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  6. "The Reason Why Is Because"

    This is not so much a grammar issue as it is a redundancy issue. If you really break it down, the words "reason," "why," and "because" all mean more or less the same thing.

    So when you say "the reason why is because," that is virtually the same as saying "because because because."

    While it’s not technically grammatically wrong, it is overly wordy and redundant. Concise writing of "the reason why is because" is to just say "the reason is that." In many cases, you can even just say the reason without even starting the sentence with "the reason is"!

    Extra notes:
    Many singers get this wrong. I assume the reason is that it's easier to rhyme with "why" than it is with "reason."
     
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  7. It's vs. Its

    Unlike with most words, the possessive form of "it" is simply "its." When you use "it's" with an apostrophe, it only ever means "it is" or "it has."

    I would tell you what is bothering me, but it's complicated.
    I love my new phone! It's so much faster than my old one.
    It's so cloudy outside today.

    The dog was wagging its tail.
    The company is celebrating its 50th anniversary today.
    I love my new phone! Its graphics are so much sharper!

    Extra notes:
    Speaking out "it is" if you're not sure whether or not to use the apostrophe can help. If it sounds wonky saying "it is" where you are planning to write it, leave the apostrophe out.
    In the phone examples, notice the difference - "it's so much faster" is saying "it is so much faster," whereas "its graphics" are talking about the phone's graphics - something the phone possesses.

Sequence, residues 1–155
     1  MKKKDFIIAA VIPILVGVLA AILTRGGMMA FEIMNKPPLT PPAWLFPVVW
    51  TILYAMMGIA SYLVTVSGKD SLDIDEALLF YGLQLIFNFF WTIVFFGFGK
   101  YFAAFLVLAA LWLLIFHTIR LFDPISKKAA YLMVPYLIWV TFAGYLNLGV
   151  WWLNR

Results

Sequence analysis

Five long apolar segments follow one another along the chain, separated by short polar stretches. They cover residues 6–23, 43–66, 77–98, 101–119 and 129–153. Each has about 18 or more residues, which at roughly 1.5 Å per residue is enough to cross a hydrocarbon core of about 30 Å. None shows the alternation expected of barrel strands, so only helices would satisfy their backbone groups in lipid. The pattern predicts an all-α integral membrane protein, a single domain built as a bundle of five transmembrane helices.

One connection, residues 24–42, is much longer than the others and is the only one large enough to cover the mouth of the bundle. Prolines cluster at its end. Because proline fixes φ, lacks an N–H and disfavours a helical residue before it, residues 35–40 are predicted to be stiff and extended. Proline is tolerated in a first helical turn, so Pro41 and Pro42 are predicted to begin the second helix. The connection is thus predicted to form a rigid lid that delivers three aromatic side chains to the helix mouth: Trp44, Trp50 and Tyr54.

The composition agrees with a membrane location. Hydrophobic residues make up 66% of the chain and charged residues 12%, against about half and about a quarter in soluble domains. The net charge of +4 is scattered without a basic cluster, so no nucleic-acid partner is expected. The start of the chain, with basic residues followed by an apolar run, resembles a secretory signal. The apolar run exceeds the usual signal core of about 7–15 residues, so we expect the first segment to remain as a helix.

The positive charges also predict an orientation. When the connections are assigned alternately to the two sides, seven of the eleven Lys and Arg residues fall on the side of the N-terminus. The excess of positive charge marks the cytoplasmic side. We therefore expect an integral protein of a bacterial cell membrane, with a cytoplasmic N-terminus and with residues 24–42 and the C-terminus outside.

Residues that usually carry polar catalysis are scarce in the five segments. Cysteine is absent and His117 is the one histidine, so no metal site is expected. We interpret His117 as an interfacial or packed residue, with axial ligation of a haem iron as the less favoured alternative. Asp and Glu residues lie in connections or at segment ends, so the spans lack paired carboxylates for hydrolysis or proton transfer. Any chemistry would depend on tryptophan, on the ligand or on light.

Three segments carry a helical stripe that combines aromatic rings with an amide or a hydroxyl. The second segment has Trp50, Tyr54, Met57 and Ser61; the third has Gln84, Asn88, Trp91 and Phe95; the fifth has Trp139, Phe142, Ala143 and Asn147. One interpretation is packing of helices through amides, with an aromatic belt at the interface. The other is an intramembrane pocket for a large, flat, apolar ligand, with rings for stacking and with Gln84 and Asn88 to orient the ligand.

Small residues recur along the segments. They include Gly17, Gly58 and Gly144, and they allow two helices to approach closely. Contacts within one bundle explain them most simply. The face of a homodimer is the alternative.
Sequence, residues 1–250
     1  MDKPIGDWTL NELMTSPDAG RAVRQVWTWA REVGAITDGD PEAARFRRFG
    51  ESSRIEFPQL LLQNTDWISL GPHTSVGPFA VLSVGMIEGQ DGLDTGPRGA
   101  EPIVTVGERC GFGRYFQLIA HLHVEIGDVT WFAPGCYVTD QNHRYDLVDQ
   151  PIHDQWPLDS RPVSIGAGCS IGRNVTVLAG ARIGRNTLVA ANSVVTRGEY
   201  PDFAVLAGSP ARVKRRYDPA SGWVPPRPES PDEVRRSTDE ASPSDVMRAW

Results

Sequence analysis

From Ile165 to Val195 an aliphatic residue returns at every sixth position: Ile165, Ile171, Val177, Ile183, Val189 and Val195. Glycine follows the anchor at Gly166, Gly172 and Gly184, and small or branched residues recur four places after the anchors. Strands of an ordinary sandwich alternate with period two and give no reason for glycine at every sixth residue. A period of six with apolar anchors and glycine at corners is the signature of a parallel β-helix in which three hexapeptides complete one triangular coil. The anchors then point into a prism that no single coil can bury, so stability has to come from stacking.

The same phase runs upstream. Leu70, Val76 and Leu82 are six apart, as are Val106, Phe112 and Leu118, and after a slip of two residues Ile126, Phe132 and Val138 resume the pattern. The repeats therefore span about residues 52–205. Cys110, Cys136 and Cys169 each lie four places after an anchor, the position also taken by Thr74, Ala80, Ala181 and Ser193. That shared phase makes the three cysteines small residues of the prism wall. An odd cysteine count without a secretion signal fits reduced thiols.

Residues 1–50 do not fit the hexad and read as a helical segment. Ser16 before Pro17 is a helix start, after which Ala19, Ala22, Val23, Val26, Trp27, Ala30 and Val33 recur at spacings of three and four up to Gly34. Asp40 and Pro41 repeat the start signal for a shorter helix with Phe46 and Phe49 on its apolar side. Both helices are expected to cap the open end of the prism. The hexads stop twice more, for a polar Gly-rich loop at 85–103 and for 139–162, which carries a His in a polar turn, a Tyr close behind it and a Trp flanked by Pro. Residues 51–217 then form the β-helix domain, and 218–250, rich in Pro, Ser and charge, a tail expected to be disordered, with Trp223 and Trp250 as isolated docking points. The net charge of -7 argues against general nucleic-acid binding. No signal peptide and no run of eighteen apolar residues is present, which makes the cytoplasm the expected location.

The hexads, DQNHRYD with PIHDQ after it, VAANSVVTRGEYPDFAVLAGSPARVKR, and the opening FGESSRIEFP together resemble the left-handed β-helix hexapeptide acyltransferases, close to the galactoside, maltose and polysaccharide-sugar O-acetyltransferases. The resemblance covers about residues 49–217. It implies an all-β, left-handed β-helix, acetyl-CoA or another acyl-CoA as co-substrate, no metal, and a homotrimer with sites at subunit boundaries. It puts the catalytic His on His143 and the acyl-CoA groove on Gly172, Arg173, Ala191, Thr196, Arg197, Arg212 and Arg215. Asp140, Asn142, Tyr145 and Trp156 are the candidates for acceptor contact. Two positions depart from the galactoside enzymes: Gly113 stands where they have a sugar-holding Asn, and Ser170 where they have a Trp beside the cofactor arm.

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  8. Love this thread! But for the sake of its accuracy I would like to point out that 'It's' only ever means 'it is'. It never means 'it has' or anything else :/
     
  9. You could say "it's been that way," meaning "it has" been that way. Slightly more obscure and somewhat informal, but still grammatically accurate.

    Reference 1
    Reference 2
     
    #9 fatalrendezvous, Aug 27, 2013
    Last edited: Aug 27, 2013
  10. I retract my objection and commence feeling like a fool :(
     
  11. Alot vs. A lot

    "Alot" is not a word. If you are trying to say that there is quite a large amount of something, the correct usage is to separate them into two words: a lot. There are no exceptions.

    Incorrect: Alot of people seem to make this mistake.
    Correct: A lot of people seem to make this mistake.

    Incorrect: I've seen it happen alot of times.
    Correct: I've seen it happen a lot of times.

    Extra Notes:
    "Alot" is not in the dictionary. I'm not sure why many people (dare I say, a lot of people lol) misuse it, but it is something I see fairly often. Fortunately, this is the type of error that will get caught by spell check (since it's not a word), so I don't see it as much in digital writing as I do in on-paper writing.
     
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  12. Dangling / Misplaced Modifiers

    This is a bit more of an advanced lesson.

    Often called dangling, missing, or misplaced modifiers, this problem occurs when you arrange a sentence in a confusing way. It happens when we attach a description to a word that is actually meant for something else. For example:

    Running down the road, a shot rang out.

    In the above example, the sentence is literally describing that a shot, or a bullet, or something, is running down the road. We all know that bullets don't run, and that really in the example, someone or some creature is running. A more correct example would be: